Weathering the Storm: How Farmers Can Prepare for Extreme Weather Conditions

If you’re a farmer, weather has the power to bankrupt you or make your fortune. 

That’s why, as severe weather becomes more and more common, your very livelihood depends on finding strategies to deal with that weather.

At Iron Bull Manufacturing, we believe in creative solutions, and we know that with the right tools and strategies, farmers can prepare for even the most extreme weather conditions. 

Let’s explore seven strategies for dealing with extreme weather.

Table of Contents

  • Be Willing to Get Creative

    1. Be Willing to Get Creative

  • Protect Your Employees

    2. Protect Your Employees

  • Protect Your Livestock

    3. Protect Your Livestock

  • Utilize Different Farming Techniques

    4. Utilize Different Farming Techniques

  • Apply for Grants and Funding

    5. Apply for Grants and Funding

  • Expand Your Network

    6. Expand Your Network

  • Invest in the Future

    7. Invest in the Future

Be Willing to Get Creative

Farming has always been a delicate balance between consistency and innovation. 

You can’t just change your mind every five minutes because it takes many years to establish your crops, attain the right equipment, and adequately train your employees. Consistency pays off in the long run; if you grow the same crops your parents grew when you were young, you’ve likely developed a sixth sense about when to plant, fertilize, cut, and harvest. 

At the same time, a number of things could suddenly upend your industry. A newly introduced pest or disease may decimate your crop. The market may fluctuate to the point where your crop is no longer sustainable to produce. New government policies may strain your finances. 

In these cases, you have two choices: innovate or lose your farming career.

Today, farmers all over the world are feeling the strain of increasingly severe weather events such as droughts, heat waves, floods, hurricanes, wildfires, and extreme freezes in areas where those things didn’t used to happen as often. 

But farmers throughout history have learned to change their crops or farming methods to adapt to the times, so by leaning into innovation, there is a way forward.

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Protect Your Employees

Before you worry about making drastic changes to your farming methods, make sure you, your family, and employees are well-protected from any adverse weather. 

Here are some basic ways to do so:

  • Tractor sunshades: If your tractor doesn’t have a cab, a durable tractor sunshade will keep your employees comfortable and reduce the risk of skin cancer and heatstroke.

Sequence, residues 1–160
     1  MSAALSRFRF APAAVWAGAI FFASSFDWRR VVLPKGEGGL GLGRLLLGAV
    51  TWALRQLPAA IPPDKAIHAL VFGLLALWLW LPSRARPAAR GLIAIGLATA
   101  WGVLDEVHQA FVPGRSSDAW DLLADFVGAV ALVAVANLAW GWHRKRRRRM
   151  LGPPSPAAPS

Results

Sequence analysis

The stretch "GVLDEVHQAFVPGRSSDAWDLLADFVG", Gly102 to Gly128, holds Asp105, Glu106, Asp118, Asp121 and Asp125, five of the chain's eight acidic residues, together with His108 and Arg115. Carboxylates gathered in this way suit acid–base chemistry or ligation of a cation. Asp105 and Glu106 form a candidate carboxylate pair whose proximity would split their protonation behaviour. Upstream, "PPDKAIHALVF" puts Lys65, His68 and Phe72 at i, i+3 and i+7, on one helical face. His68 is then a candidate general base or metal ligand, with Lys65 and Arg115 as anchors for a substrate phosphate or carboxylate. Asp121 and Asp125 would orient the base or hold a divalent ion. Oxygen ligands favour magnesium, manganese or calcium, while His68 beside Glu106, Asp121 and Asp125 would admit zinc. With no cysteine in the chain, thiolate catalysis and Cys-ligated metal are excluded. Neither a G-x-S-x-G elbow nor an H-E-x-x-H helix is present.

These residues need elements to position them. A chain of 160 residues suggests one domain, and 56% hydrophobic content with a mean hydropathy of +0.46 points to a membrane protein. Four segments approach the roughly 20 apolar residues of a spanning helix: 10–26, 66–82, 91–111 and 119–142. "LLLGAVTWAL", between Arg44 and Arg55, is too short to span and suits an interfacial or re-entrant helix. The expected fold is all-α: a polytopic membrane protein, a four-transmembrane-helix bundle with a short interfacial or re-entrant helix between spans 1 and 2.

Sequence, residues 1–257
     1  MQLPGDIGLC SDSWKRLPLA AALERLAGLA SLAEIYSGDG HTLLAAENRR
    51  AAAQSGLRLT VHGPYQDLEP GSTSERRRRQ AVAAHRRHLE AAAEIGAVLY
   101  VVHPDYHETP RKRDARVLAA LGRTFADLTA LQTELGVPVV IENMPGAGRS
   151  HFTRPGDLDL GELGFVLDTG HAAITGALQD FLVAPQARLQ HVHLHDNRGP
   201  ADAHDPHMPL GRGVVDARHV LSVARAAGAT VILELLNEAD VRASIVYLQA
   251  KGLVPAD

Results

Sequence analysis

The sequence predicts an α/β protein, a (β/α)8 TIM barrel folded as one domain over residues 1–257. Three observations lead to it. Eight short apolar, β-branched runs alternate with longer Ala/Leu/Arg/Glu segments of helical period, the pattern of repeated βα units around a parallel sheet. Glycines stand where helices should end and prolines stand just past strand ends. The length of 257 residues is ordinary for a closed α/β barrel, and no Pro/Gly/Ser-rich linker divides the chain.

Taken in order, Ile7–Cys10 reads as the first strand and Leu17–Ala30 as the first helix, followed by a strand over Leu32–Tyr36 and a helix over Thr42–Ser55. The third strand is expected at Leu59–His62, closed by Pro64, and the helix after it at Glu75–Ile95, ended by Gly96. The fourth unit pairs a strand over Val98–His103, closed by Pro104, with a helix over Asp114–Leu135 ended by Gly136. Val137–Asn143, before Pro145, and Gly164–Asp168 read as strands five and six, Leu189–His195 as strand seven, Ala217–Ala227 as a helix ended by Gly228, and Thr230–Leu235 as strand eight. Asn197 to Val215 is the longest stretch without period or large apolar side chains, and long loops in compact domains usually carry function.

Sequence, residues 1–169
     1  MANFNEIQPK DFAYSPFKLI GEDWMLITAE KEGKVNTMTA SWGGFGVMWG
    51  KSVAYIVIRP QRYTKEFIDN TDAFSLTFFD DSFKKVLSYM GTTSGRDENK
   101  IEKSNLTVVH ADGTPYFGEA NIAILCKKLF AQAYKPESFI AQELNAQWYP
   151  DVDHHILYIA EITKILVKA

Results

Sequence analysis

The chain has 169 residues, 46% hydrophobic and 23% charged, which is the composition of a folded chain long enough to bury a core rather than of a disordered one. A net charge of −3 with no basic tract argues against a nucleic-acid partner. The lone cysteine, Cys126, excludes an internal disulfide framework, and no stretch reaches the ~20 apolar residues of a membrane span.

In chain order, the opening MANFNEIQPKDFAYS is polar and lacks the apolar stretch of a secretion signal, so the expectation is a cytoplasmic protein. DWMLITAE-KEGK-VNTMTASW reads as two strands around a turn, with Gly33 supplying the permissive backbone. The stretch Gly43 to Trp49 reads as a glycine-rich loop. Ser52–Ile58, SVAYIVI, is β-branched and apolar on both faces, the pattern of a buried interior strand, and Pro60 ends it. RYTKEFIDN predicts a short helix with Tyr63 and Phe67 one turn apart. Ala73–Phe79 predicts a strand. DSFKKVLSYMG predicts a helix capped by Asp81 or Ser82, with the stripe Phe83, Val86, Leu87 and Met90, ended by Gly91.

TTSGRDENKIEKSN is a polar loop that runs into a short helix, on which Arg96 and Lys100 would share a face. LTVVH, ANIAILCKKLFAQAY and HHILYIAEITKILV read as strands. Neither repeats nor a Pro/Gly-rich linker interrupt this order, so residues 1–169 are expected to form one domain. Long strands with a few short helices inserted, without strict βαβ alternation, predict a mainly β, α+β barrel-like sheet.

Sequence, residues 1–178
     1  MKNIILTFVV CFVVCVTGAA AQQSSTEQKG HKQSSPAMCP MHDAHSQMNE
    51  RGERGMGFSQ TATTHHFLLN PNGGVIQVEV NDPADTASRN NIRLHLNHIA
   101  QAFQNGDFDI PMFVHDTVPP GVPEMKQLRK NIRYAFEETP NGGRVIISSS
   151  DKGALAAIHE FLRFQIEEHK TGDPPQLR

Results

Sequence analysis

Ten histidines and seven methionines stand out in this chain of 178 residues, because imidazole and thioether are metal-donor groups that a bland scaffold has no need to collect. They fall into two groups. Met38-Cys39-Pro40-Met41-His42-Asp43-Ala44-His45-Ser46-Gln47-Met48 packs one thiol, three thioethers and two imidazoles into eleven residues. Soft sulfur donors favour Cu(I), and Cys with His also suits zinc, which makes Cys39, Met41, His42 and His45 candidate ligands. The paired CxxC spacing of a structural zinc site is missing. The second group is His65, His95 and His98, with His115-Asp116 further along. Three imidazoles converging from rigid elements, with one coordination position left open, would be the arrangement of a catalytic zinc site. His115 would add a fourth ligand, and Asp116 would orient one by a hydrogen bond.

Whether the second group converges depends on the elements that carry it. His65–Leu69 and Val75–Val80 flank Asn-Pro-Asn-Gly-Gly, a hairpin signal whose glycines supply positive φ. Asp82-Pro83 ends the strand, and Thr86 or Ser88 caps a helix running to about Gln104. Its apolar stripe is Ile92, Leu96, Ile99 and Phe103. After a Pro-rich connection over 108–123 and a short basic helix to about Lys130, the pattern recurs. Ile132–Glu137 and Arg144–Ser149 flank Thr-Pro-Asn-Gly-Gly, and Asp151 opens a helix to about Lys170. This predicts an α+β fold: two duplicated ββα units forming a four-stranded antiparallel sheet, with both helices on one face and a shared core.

• Well-serviced equipment: Ensure that the heat, air conditioning, windshield wipers, and lights on your equipment are in good working order to keep your employees safe in all weather. 
  • Appropriate clothing: Your employees should be well informed about the correct clothing to wear to stay warm, dry, or cool, depending on the weather.
  • Emergency training: Prepare your employees for severe weather by providing them with training in advance so they know how to respond appropriately in a disaster.
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Protect Your Livestock

We get it – life on a farm is hard, dirty work. You don’t always have time to ensure everything is in immaculate condition. 

But staying on top of the simple ways your farms runs goes a long way in being prepared for adverse weather.

For example, if your farm has livestock, assess your facilities carefully to see if you’re prepared for future extreme weather events. 

  • Shelter Adequacy: Are your existing shelters adequate to withstand extreme weather conditions such as heavy rain, strong winds, snow loads, or intense heat? If not, make plans to upgrade your shelters.
  • Water Management: Check the water supply systems to ensure they are resilient to extreme weather events.
  • Feed Storage and Accessibility: Review the storage facilities for livestock feed and ensure they are secure, weatherproof, and accessible during all weather conditions. 
  • Fencing and Containment: Examine fencing, gates, and containment structures, identifying and repairing areas vulnerable to severe weather.
  • Emergency Supplies and Equipment: Inventory and replenish emergency supplies such as extra feed, water tanks, generators, medical supplies, bedding materials, and repair tools.